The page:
Sunday, May 15, 2011
I once read a bit of Wisdom in an Internet forum. Unfortunately I forgot to mark that day on my calendar. "Shoot what's in front of you" the Wise Poster posted. So today, after working outside around the house because the temperature and humidity were unusually low, I went out to pick up a cheap meal for supper and make some cheap photos.
All of these were taken as JPEGs, and the only post processing was to scale them down. Well, two of them I darkened a bit. Bottom line is none of them came out raw. I set the E-P2's picture mode to vivid and played with the exposure compensation where needed across several exposures to eventually achieve the look I wanted.
Up to this point I've been a slave to post-processing, just like I used to be a slave to the darkroom decades ago. As just was I did back then, I've reached a point of saturation where I feel the need to back away from all the time spent in post.
I've also reached the point where I want to start using the E-P2 again. The E-1 and the E-3 are fine cameras and produce remarkable results, but the E-P2 can do a lot as well, in a much smaller package. And I like the JPEG results straight out of the E-P2 better than I do out of either the E-1 or the E-3.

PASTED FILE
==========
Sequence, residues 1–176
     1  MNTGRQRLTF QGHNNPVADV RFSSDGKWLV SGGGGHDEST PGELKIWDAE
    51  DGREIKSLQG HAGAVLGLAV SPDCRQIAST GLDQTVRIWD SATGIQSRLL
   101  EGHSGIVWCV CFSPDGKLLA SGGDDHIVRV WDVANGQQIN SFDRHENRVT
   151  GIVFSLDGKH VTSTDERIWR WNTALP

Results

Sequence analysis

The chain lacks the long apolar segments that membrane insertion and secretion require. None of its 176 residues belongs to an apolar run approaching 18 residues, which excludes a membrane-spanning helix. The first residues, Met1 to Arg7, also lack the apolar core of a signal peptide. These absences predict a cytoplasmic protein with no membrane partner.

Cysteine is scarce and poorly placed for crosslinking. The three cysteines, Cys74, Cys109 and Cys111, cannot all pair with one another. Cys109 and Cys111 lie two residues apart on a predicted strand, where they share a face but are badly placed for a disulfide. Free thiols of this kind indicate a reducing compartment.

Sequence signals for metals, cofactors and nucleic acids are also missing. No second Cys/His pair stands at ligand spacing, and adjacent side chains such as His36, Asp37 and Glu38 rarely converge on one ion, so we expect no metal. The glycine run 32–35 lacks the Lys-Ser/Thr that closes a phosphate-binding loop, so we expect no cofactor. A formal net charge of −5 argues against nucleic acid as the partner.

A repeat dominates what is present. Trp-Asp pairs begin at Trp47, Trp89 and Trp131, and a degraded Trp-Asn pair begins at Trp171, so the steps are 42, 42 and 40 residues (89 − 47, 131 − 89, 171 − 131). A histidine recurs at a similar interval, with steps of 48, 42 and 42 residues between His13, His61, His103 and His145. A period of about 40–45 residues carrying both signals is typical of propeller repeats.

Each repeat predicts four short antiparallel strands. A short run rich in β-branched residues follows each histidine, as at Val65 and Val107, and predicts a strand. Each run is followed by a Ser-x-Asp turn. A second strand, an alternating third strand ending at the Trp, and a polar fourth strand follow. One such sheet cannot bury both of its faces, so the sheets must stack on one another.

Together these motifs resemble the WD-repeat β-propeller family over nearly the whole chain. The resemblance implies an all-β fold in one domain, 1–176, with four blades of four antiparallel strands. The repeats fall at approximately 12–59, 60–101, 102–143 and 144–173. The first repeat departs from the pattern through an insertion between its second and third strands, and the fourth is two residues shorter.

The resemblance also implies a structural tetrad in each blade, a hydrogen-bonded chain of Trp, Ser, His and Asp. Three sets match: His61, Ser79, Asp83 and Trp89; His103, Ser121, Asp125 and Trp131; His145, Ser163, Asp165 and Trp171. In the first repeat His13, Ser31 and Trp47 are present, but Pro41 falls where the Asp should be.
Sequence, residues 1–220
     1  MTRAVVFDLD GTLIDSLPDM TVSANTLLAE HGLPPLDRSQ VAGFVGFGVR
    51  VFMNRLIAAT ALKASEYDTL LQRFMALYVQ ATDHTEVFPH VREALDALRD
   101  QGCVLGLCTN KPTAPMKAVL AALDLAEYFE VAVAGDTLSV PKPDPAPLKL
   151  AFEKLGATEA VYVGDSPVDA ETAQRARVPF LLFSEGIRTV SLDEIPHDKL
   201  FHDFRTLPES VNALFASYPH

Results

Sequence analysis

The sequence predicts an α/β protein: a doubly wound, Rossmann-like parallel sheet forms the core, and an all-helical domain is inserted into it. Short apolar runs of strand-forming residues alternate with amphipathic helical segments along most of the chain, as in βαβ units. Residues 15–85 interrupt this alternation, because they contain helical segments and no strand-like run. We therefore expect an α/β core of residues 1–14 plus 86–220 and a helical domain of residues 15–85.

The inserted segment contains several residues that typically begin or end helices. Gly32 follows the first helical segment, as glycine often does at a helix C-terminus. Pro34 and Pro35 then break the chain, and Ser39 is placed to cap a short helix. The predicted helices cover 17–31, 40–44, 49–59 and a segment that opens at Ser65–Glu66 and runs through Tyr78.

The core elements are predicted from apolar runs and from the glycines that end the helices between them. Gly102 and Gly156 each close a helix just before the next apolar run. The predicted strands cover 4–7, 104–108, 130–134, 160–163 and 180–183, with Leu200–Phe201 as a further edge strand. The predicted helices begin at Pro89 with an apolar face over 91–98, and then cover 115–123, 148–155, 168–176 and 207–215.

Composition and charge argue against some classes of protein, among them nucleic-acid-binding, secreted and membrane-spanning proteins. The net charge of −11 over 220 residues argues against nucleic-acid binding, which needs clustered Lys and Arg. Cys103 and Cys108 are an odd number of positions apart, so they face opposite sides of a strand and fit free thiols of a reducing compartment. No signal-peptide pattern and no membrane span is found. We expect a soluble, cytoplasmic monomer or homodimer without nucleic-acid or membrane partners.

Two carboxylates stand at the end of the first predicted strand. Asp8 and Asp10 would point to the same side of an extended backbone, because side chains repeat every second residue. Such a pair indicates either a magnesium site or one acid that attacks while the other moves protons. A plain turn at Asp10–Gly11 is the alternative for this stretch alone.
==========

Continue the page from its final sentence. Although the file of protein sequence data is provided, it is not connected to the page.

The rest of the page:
All of these were taken with the stock 14-42 kit lens. I love the results and find it remarkable that a 'mere' kit lens can produce results rivaling what I can achieve with my HG lenses.
The "Low Prices" photo is interesting because of all the straight lines. Allowing the camera to produce the image means it compensates for distortions such that straight lines come out straight. I applied a very small amount of picture straightening so that the lines at the top were parallel to the picture edge. I did no other post processing to make those lines straight. If I had processed these as RAW then I would have had to manipulate them more in Lightroom to remove any pin-cushioning and/or barrel distortion. The fact that the image processor in the E-P2 can do this for me is one more powerful reason to just photograph in highest resolution JPEG rather than RAW.
 Note how I resisted using the word 'get'.